Queen Latifah, who once showed promise as a blustery, easily bribed, singin and dancin warden in Chicago stars in a movie you’ve basically seen before. Last Holiday is the story of a woman who finds out she’s going to die, and so does the thing that dying people in movies tend to do: have a lot of fun. Personally, in that situation I think I might be tempted to forgo the fun and taking a cue from Joe, throw myself into a volcano. At the very least I'd probably ask my doctor for a second opinion, especially if he describes my incurable disease as “sneaky”.
But “sneaky” is exactly what Georgia Byrd’s (Queen Latifah) particular ailment is, I believe her doctor even goes so far as to call it “diabolical”. Last Holiday doesn’t waste much time mucking about with the particulars of Georgia’s disease, just know that she has it and she’s going to die unless she can find the cash to pay for an operation. Her HMO won’t pay for surgery, so she needs $340,000 up front to keep her brain firing. She doesn’t have it, so Georgia gives up (rather easily) and decides to spend her last two or three weeks on Earth doing some of the things she’d always wanted to do, but put off for later.
Thus begins the character’s instant transformation from boring spinster to life of the party. Georgia cashes in her savings and lives the high life, spending the money she could have spent fixing her tumor-ridden brain on fancy hotels and champagne. The other guests at her elite Czech resort are all major power-brokers, and when they see her spending money like water, they assume she’s one too. That’s when the movie starts to lose its way, and the story’s focus is lost as it tries to tackle politics, health care issues, romance, corporate greed, and the value of life all at once. The movie would have been better served by focusing on the smaller story of Georgia’s transformation into the person she’d always dreamed of being, rather than taking preachy side trips into topics like political corruption. It’s of place, and every time Georgia makes a speech about how politicians should be helping people instead of rolling around in piles of money, my interest powered down.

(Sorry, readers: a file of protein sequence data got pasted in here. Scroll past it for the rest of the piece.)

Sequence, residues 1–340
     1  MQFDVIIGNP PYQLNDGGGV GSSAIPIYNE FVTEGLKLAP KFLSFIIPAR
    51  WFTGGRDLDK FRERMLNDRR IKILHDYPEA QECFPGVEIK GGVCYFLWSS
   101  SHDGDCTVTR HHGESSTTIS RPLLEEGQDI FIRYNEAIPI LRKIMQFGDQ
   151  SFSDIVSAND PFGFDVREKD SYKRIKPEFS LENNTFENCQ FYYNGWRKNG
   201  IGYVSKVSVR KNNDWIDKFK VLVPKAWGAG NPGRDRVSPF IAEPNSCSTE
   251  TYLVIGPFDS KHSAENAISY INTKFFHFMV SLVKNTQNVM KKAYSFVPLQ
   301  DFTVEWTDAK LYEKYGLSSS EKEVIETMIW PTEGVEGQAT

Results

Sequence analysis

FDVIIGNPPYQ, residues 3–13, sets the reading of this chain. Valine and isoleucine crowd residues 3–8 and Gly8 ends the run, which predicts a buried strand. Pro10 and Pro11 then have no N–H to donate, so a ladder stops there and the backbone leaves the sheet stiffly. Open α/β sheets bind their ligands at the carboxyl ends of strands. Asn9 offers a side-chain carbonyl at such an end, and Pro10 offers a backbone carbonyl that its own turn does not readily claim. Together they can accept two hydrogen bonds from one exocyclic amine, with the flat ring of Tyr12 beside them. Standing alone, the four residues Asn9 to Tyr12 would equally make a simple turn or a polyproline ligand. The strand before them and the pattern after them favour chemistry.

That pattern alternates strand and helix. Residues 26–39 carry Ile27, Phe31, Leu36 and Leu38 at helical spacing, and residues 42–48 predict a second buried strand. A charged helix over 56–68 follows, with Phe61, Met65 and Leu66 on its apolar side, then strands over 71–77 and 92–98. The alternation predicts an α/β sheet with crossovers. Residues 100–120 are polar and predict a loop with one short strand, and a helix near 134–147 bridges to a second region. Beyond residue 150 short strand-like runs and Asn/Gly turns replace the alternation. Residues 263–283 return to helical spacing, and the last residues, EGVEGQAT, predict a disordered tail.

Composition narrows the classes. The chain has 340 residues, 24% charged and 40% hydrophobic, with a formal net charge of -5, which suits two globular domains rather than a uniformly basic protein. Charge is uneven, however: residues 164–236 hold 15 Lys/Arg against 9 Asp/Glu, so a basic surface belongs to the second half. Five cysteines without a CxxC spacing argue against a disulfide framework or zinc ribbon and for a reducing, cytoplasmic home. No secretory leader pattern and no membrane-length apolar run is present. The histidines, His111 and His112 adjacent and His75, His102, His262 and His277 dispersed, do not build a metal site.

The screenplay may be kind of an unoriginal mess, but some really nice, understated performances from people like Latifah and L.L. Cool J as well as impressive direction by Wayne Wang save it from utter failure. L.L. plays Latifah’s poorly written love interest; a guy who isn’t even on a first name basis with her, but after five minutes decides he’d like to fly halfway around the world to get with her. To me that makes him a stalker, but in the movies it’s considered romance. Still, L.L. Cool J. plays the character as gentle and well-meaning, making him likeable in spite of the shoddy writing propelling him onto the screen. Queen Latifah accomplishes much the same with Georgia; even in dowdy sweaters she has a way of lighting up a room.
Wang, whose resume includes Maid in Manhattan (another beautifully filmed movie with a terrible plot), shoots his film perfectly, with warm colors and beautiful panoramas. His camera is always in the right place at the right time, and he hits all the right emotional beats in the film, doing the best he can to salvage whatever good moments there are in Last Holiday’s story and while minimizing the crap. I could have done without the overbearing, tell-me-how-to-feel score running behind most of Last Holiday’s heavier emotional beats, but with writing this weak maybe the audience actually needs something to tell them how to feel. It’s certainly not in the script.
The ending is of course utterly predictable, they aren’t going out on a ledge. With this sort of film, you have to expect predictable. Last Holiday has problems, but the movie as a whole acquits itself with grace and charm that if not enough to overcome its flaws, is enough to make it mildly palatable.